Angler creel surveys are being conducted by the DNR Division of Fish & Wildlife on the St. Joseph River below the Elkhart Dam in downtown Elkhart.

The creel surveys began early this month and will last three months. Similar surveys were conducted in 1999 and 2004. Anglers contacted by a DNR creel clerk can help the DNR manage the downtown Elkhart fishery by participating in a two- to three-minute interview.

As the ice fades, walleye, the most popular fish stocked by the DNR in the area, are moving upriver, including to the Elkhart location, to spawn. This creates one of a few early season walleye hot spots in northern Indiana. Early spring is a great time of year for shore anglers to connect with walleye and March can be the best month.

Although walleye spawn when water temperatures reach the mid-40s, fish are presently staging from the dam downstream to Elkhart’s Main Street. While the shallow gravel bars and the swift current make boat angling difficult and often dangerous, shoreline anglers can find plenty of space to fish from Elkhart’s Island and Bicentennial parks and Indiana Michigan Power Company’s fishing pier.

Spring walleye fisheries with conditions similar to the downtown Elkhart spot are also available on the Salamonie River below the Salamonie Lake dam in Wabash County; on the Mississinewa River below the Mississinewa Lake dam in Miami County; on the Tippecanoe River below Lake Shafer’s Norway dam in White County; and on the Tippecanoe River below Lake Freeman’s Oakdale Dam in Carroll County.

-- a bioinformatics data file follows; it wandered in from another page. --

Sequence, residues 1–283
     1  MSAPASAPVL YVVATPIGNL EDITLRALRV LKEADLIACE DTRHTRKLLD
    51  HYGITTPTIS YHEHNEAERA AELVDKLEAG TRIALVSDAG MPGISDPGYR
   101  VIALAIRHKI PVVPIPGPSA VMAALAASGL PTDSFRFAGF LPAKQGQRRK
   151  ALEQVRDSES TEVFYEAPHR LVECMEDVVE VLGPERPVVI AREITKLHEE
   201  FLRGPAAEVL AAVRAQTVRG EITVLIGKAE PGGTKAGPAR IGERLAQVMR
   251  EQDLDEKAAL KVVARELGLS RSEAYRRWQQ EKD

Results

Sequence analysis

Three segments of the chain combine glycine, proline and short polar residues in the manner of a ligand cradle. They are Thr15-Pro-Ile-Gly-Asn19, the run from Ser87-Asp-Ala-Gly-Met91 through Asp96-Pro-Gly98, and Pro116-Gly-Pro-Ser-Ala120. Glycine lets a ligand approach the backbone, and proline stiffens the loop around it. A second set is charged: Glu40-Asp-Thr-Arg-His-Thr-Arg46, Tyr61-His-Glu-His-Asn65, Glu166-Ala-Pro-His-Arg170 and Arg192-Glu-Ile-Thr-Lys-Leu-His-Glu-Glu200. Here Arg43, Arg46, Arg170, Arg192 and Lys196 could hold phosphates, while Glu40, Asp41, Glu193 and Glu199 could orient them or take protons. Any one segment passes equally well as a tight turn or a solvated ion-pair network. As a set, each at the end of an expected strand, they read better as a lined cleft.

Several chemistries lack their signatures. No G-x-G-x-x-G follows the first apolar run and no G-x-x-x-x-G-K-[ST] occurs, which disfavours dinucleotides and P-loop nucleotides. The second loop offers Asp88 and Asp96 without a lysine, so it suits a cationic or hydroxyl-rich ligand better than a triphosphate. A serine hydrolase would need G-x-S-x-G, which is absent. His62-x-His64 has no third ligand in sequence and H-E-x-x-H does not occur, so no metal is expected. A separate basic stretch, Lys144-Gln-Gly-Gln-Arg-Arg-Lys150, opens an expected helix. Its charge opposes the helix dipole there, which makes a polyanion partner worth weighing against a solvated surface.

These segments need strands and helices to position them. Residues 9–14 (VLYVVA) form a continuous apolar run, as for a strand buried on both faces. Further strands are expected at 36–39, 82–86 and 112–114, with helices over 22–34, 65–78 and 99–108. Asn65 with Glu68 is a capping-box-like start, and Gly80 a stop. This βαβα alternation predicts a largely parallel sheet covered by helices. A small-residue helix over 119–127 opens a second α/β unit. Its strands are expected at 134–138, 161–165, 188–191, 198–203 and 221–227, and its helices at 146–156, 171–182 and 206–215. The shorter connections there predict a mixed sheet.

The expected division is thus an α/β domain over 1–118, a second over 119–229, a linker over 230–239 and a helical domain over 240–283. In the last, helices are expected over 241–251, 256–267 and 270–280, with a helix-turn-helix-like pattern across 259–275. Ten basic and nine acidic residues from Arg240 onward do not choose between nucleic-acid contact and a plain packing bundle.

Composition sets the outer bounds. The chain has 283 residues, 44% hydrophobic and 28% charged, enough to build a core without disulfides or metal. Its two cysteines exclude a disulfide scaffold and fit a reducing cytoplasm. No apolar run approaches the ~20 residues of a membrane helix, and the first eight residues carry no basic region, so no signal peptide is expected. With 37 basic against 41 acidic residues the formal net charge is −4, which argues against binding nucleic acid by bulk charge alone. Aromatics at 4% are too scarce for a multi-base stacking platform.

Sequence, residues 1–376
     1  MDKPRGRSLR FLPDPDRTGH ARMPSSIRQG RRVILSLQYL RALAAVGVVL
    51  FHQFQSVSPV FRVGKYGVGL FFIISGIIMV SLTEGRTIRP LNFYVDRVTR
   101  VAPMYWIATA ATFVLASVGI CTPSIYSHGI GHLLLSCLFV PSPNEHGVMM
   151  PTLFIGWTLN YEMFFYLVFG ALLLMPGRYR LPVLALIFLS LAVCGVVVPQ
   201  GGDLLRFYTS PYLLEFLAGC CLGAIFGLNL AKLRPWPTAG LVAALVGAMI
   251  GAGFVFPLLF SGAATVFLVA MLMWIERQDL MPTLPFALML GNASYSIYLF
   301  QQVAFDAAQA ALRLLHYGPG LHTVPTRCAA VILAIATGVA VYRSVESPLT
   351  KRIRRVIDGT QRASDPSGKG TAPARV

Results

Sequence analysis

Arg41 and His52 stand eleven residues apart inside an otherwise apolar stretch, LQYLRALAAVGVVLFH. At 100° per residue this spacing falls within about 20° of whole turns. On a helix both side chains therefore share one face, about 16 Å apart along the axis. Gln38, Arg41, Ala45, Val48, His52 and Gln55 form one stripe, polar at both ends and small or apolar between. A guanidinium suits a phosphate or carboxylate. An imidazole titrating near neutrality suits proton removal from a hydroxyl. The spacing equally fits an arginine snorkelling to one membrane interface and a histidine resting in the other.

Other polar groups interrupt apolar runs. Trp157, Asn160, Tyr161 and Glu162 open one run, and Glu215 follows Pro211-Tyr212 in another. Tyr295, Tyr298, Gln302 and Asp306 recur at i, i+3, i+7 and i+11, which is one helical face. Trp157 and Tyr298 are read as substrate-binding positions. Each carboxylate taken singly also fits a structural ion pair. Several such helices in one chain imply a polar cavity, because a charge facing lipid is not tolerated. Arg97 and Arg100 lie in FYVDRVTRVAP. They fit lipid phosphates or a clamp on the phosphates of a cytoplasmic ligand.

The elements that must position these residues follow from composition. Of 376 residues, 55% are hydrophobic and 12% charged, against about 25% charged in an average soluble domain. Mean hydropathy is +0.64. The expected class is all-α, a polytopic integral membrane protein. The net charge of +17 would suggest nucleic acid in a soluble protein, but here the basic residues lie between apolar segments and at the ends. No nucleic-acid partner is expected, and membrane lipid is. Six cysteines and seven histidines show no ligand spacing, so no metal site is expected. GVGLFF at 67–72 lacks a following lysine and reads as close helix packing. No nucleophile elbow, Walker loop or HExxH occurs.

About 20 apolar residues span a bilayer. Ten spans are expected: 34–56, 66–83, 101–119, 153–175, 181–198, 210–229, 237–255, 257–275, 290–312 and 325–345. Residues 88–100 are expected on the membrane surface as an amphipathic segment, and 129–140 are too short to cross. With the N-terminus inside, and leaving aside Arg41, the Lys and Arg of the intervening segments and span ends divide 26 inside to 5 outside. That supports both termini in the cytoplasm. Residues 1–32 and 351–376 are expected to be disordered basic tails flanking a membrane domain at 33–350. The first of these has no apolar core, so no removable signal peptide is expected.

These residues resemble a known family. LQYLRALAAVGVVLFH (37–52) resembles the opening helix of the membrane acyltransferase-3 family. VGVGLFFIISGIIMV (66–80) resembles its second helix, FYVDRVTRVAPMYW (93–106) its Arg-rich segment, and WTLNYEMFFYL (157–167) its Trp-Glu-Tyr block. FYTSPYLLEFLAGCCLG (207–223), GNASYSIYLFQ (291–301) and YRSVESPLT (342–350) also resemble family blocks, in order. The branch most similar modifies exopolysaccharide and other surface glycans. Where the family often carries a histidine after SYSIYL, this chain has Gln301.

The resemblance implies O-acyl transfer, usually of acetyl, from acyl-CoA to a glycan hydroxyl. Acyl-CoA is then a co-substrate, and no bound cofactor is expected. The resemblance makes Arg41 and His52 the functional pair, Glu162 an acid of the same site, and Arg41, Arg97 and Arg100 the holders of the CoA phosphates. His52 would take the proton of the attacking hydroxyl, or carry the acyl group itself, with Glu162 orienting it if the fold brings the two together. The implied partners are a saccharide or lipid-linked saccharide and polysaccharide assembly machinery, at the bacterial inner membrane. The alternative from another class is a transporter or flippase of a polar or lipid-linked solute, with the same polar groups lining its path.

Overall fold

For best results in any of these spots, DNR fisheries biologist Neil Ledet offers the following tip:

Try lead head jigs fished with a white or chartreuse plastic curly tail grub. While crank baits and jerk baits take their share of fish,  lead head jigs as described, sometimes tipped with a minnow, seem to be the most popular lure.

Rocky snags are common. If you fish a jig, try one with a thin wire hook that will straighten when snagged. This may leave a burr on the point of a hook but that can be easily removed with a couple of passes on a hook file.

Slow retrieve is key, regardless of the bait or lure used. With these temperatures, walleye are not in the mood to chase fast-moving baits.

While dusk and dawn are typically productive, anglers shouldn’t overlook the first few hours after dark.

Anglers should fish deep pools, eddies or other breaks in the current as walleye will hold near the bottom behind a submerged bolder or log. Although walleye can travel in fast moving water, they are not built for holding in fast current for long periods of time.

If the water is high and extremely fast, don’t hesitate to fish close to the bank—walleye will move there to escape the current.

Logo courtesy Indiana Department of Natural Resources

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